While these multiple ETF approaches are effective at closely replicating the GMP, they require multiple transactions to get going. Also, such an approach may necessitate at least annual rebalancing as the relative percentage of each holding grows or shrinks, though this methodology goes counterintuitive to the GMP strategy of providing direct investment in the world’s entire, fluid, financial landscape.
As a result, there’s a real benefit to examining a single investment which replicates the GMP closely. These one-stop-shop ETF offerings can be of particular interest to investors looking to dollar cost average their money over time, likely contributing a set amount from each paycheck.
One of the main benefits of using a single holding is that it helps avoid knee jerk reactions. At any given point, some asset classes around the world are thriving while others languish; the US vs. Emerging Market stock indices are a good example of this phenomenon currently. In such turbulent times, having a balanced and diversified position makes a lot of sense for the skittish investor.
The table below shows a comparison of some of the top GMP ETFs (plus a Vanguard mutual fund baseline), with the ticker symbol listed first, then several other parameters that are of particular interest to this investment style.
The following are a few key findings from this Global Market Portfolio ETF screen.
- Considering this simplified investment approach is likely most prudent for a passive, long term investor, the expense ratio and other associated fees with taking such a position should be a significant consideration.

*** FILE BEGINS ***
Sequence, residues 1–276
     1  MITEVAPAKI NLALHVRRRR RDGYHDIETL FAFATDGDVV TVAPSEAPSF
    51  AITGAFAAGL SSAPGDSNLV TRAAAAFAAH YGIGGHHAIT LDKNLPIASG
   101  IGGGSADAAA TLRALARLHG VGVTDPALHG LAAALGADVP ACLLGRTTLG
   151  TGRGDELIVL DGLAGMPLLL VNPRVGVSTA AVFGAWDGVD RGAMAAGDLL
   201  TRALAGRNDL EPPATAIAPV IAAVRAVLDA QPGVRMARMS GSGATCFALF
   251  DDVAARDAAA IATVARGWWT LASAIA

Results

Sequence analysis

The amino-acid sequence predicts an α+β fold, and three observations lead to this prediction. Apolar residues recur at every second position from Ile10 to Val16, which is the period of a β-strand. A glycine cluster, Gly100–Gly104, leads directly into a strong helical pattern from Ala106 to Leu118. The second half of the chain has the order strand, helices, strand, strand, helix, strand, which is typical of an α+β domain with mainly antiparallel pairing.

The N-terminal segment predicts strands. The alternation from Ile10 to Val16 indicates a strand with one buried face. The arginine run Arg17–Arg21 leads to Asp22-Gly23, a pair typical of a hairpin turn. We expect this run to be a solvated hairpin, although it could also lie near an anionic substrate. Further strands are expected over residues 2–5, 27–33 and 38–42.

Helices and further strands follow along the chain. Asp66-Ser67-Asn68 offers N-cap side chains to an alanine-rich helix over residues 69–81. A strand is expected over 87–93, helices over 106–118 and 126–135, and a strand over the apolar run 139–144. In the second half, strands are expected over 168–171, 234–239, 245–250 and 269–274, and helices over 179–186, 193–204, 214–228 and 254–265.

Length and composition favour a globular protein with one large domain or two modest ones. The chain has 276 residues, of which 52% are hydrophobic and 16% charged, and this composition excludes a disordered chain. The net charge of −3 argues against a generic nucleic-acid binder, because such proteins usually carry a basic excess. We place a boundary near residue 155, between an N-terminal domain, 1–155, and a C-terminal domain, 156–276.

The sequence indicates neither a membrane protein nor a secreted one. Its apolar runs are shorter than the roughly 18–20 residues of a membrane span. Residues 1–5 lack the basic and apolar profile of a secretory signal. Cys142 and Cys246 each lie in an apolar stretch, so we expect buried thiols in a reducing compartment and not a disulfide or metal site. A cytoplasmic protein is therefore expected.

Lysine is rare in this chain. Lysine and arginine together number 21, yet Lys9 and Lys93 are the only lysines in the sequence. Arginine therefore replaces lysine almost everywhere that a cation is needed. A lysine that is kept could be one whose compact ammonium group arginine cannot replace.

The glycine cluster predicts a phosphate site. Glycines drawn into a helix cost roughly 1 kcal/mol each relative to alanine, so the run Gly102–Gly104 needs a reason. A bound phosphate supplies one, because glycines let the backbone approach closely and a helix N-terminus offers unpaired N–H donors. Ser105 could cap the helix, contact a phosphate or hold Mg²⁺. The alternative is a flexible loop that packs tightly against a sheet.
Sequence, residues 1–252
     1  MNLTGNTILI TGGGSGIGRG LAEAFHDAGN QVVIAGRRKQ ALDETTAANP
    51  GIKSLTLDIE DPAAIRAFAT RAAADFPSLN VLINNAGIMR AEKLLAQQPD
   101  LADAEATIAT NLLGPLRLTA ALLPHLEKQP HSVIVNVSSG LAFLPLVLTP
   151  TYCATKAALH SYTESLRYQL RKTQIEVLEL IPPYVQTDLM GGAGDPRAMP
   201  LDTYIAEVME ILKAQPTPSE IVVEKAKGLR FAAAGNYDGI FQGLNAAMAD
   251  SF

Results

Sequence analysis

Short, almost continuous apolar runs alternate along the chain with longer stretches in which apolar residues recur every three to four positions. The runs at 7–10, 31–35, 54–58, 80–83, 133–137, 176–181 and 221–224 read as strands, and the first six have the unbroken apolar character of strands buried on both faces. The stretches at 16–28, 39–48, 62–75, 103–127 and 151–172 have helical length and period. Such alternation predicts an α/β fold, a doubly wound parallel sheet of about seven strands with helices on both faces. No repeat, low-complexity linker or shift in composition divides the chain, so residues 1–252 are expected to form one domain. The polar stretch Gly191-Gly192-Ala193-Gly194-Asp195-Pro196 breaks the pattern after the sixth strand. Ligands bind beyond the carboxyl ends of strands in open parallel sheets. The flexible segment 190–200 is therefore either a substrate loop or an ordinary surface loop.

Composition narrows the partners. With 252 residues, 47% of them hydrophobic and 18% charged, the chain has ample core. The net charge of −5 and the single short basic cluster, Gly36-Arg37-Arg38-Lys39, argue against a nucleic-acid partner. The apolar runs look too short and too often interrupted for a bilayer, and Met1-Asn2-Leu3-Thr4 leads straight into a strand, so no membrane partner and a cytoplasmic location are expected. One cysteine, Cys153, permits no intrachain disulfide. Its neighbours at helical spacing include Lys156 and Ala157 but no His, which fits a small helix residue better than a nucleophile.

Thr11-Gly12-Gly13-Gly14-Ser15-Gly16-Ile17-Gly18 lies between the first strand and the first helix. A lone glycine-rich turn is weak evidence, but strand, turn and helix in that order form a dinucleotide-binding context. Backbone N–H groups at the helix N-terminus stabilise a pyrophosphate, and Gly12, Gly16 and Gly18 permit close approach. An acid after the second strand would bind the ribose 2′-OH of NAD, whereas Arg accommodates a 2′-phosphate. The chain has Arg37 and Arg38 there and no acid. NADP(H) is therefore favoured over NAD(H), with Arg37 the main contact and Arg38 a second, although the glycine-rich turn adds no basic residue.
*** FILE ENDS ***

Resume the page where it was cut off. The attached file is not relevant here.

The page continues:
- The amount of US-bias and the overall relationship between stocks, bonds, and real assets are two dials which can be adjusted based on each investor’s location, time horizon, and economic outlook.
- All 4 of these ETFs have very small net assets currently; look for expanded offerings in this space in coming years as the larger brokerage players realize the benefit of a simple GMP approach.
- The beta, a measure of relative volatility, tracks generally with the total amount of stocks plus the percentage of “Other” holdings as expected. One outlier is RAAX which uses a trend following component that limits aggressive holdings in this current, turbulent market climate, but has heavy past exposure to a variety of volatile real assets.
In general, the GMP represents a great starting point for basic investing that can be added to, or deviated from, based on other market factors and performance goals. There are definitely other ETF allocation strategies that will outperform the GMP over the short, and potentially longer term, but this strategy offers a disciplined and logical baseline for building a solid, durable investment strategy.
As always, the goal of this column is to simplify investing, using fundamental terms and concepts, while still being accurate and comprehensive; don’t hesitate to reach out (firstname.lastname@example.org) if you have any additional questions or thoughts.
Invest wisely and don’t forget the power of low fee, automatic investment combined with compounding growth over time.